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was a bright sunny afternoon, and people on foot, riding or driving, were enjoying the fine weather and the pleasant landscape. Mr. Rogers was compelled to hear us say repeatedly that we preferred the Irish Sunday to the English. In order to tease him, a lady belonging to our party walked up to a fruit-seller, who was praising her pears, and said, “ This gentleman thinks that it is wrong to sell pears on a Sunday."

“God bless your kind face,” was the answer, “ the gentleman is quite right. Six days shalt thou labour, and rest on the seventh. But we poor folk have no time for it. If your honour will not buy any pears, accept these two as a present from me."

The lady accepted the sweet fruit, and laid a few pence on the fruitseller's table.

“ God bless you, but I cannot take any money for the pears I gave you ; that would not be elegant."

" Well, then, sell me some.” “ With a heart and a half.”

From Kingstown to Dalkey is but a short drive along the sea-shore. The country is fresh, fertile, and rich in ancient ruins. We counted three forts, which we were told were built in the fourteenth century as a protection for traders. From a rock which was covered with pleasureseekers we had another glorious view of Dublin Bay and hills. Among the many chattering and laughing groups on the rock, a dozen merry children especially attracted our attention. They were the first neatlydressed children we had seen in Ireland. They were engaged with a game which seemed to delight them greatly, for their laughter echoed far and wide. We approached the tallest girl, who looked exactly like a growing English miss, and asked her the name of her game.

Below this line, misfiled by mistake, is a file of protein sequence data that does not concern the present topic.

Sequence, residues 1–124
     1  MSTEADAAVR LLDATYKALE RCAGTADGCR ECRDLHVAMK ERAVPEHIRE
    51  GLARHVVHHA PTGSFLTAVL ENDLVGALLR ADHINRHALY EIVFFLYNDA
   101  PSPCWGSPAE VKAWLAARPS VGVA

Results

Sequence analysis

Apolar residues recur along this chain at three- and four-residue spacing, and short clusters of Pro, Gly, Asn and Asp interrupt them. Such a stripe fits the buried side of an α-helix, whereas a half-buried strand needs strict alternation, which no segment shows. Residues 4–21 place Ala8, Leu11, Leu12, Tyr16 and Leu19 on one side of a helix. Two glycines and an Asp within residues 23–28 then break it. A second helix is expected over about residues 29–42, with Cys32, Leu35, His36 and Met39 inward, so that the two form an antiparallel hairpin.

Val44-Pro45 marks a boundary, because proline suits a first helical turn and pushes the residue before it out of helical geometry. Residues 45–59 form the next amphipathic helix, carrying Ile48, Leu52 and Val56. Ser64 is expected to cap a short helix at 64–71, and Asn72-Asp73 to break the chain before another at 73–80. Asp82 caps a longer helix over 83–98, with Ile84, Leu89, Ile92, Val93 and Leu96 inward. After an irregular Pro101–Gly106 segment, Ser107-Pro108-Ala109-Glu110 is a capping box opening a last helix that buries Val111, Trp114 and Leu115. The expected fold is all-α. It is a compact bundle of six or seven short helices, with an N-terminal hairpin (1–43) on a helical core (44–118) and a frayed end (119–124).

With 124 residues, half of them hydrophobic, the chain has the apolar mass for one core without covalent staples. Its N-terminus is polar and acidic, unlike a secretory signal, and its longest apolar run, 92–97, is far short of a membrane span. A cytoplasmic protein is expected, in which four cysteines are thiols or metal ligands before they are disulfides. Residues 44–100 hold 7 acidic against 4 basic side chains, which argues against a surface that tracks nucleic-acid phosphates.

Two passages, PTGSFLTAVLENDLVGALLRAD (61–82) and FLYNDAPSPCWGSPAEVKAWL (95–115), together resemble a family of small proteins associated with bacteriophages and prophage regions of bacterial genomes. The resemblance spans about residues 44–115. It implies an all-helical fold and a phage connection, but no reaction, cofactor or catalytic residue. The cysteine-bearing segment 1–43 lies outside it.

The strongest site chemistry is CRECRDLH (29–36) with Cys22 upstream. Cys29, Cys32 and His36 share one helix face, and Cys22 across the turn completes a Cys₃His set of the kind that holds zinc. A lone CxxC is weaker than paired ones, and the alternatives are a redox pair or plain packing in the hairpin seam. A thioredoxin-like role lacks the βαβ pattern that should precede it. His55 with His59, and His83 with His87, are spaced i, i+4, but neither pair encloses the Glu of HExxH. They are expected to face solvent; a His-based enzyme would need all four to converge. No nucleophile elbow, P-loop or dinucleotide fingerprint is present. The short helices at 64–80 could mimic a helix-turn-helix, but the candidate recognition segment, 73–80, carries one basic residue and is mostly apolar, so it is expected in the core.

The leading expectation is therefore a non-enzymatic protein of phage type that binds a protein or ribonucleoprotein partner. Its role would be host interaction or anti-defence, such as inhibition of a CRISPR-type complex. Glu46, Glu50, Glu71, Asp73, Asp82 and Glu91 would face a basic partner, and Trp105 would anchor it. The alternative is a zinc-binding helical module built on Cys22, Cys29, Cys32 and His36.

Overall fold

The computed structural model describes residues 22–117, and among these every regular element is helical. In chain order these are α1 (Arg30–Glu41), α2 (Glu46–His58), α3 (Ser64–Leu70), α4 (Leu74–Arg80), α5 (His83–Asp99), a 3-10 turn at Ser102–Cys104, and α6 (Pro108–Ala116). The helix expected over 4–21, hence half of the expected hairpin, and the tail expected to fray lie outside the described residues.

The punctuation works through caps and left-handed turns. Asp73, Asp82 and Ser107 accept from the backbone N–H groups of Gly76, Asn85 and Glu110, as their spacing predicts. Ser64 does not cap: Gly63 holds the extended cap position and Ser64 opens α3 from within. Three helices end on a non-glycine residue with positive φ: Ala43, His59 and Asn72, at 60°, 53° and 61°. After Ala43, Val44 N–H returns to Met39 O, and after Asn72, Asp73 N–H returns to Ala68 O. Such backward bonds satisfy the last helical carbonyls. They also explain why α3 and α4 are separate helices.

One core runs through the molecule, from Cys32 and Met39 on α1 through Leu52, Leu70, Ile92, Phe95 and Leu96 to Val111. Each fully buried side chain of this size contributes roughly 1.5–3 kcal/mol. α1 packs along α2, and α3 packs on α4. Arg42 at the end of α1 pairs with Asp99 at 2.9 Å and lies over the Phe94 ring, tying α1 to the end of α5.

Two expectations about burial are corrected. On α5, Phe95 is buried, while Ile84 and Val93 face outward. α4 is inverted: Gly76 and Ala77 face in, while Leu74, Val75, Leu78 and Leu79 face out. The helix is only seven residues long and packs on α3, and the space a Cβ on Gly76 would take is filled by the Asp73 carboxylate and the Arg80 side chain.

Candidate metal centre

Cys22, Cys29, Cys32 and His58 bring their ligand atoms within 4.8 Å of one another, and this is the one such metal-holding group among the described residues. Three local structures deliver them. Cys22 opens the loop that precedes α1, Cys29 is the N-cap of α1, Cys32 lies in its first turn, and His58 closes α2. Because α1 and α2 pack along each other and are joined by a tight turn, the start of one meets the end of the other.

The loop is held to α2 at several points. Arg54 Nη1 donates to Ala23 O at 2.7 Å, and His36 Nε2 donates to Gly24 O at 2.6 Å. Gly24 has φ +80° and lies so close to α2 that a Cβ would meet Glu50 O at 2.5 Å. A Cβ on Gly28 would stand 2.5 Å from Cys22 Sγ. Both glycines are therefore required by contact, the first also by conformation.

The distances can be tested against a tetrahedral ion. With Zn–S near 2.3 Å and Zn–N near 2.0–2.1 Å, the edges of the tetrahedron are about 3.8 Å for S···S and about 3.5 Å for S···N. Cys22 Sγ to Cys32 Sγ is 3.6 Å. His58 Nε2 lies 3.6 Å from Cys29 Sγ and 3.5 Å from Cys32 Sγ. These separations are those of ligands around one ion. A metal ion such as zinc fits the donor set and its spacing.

“We are playing a Sunday game: one of us is obliged to go aside, and we then think of a person in the Bible, and the one sent away has to guess it when called back. We have just chosen Jacob.”

A hearty laugh interrupted the explanation. The guesser, a lad at the most six years of age, had confessed that he did not know how many wives Jacob had. English children behave in the same way. If the ennui of the Sunday become too overpowering for them, they allow themselves a game, with which the Bible is cleverly interwoven. In this way the sin of playing assumes a religious tinge. According to English ideas!

Our Kingstown carman demanded rather more money than he was entitled to by the fare- list, but the fares are very low, and as we remembered an anecdote which we had read in an English paper, we did not dare to insist too strictly on our rights. A very stout gentlemanso the story went—who had been driven from one end of Dublin to the other, handed the carman a sixpence, the exaet fare. The carman first looked at the money and then at his fare, shook his head, and touched his hat politely: “I beg your honour's pardon for a moment, I will take the money directly.” After which, he fetched the nose-bag and covered his horse's head with it. “Will your honour give me the sixpence now?"

“Why did you put the nose-bag on?”

“ Well! I was ashamed to let the creature see that we only received sixpence for the long drive and such a weight."

Although the real fair has been done away with at Donnybrook, the